Grape Cap Winery Punch

When Joel Peterson of Ravenswood Winery, in Sonoma, California, made his first Zinfandel wine in 1976, he used dry-farmed (non-irrigated) grapes from old vines and fermented them in open-top casks. He also used this 5-foot-long aluminum tool made by a local metalworker to “punch down the cap.”
During fermentation, a solid mass of grape skins, stems, and seeds (the “must”) rises to the top of the fermentation vessel, typically a wooden cask or metal tank. The cap must be broken up and stay moist to benefit the wine’s color and flavor, which results from the mixing of yeasts into the must and the dissipation of bacteria-friendly heat that occurs during the course of normal fermentations. The winemaker has to punch down the cap several times a day while fermentation is underway.
To carry out a punch-down, the winemaker stands above the tank and, with a great deal of strength, shoves the punch into the cap, breaking it apart and keeping the must moving. Many modern winemakers prefer using electric pumps to do “pump-overs” in closed tanks or rotary tanks to swirl the wine, both the mechanical equivalent of the old-style punch-down by hand. The open tank punch-down remains the artisanal practice to date, and it is still used by winemakers from Oregon to France.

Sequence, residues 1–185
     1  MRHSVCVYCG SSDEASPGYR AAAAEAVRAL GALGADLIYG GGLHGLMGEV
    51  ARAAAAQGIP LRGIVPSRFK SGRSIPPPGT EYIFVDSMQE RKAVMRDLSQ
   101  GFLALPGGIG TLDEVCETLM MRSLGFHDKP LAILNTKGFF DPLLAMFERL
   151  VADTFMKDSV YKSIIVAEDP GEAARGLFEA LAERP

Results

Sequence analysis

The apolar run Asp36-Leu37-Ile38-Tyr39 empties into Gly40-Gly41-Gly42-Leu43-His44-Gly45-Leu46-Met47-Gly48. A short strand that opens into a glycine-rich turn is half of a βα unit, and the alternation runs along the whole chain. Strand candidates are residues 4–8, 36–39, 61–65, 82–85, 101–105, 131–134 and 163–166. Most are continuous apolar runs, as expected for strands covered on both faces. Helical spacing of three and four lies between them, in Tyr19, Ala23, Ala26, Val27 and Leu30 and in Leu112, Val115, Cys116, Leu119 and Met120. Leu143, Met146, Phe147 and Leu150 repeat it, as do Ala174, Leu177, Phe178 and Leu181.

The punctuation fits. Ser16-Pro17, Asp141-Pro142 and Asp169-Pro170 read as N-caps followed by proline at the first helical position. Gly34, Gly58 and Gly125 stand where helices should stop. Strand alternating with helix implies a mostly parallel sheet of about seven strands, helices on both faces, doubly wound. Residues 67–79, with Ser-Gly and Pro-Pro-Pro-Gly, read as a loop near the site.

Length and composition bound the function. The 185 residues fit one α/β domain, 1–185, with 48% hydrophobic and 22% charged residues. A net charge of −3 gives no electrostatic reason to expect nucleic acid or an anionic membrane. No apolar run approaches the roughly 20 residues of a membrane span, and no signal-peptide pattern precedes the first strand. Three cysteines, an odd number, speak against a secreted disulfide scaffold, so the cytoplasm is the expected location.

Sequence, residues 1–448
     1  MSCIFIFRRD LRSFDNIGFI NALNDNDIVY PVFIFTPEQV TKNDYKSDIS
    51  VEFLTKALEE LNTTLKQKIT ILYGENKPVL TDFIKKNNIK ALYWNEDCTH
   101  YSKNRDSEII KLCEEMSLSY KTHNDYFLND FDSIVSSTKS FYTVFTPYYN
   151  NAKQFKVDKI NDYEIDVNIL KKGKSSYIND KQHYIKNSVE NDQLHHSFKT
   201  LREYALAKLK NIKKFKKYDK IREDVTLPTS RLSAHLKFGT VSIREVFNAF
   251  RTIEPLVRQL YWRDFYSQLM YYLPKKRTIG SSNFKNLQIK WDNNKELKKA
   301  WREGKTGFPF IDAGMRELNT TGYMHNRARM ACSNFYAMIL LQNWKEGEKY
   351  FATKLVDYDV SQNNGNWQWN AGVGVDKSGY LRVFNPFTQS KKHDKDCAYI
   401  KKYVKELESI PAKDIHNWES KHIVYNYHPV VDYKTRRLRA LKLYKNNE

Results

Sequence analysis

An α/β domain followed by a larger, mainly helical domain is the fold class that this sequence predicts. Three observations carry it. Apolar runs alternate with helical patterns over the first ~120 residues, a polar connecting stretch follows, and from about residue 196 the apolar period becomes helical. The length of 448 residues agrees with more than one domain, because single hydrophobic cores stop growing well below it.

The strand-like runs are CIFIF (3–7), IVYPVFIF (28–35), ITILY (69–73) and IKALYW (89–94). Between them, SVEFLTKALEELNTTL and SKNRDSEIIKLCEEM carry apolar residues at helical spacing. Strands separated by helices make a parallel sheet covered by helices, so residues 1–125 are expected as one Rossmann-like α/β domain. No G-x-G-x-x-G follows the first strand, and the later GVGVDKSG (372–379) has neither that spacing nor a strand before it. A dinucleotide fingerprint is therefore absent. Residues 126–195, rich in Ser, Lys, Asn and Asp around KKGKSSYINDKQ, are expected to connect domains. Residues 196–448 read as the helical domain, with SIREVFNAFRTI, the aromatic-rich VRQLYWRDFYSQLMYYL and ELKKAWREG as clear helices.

Object Name
Physical Description
metal (overall material)
overall: 58 in x 9 1/2 in x 12 1/2 in; 147.32 cm x 24.13 cm x 31.75 cm
ID Number
accession number
catalog number
FOOD: Transforming the American Table 1950-2000
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Work and Industry: Food Technology
FOOD: Transforming the American Table 1950-2000
Food: Transforming the American Table, 1950-2000
Data Source
National Museum of American History, Kenneth E. Behring Center
Credit Line
Gift of Joel Peterson

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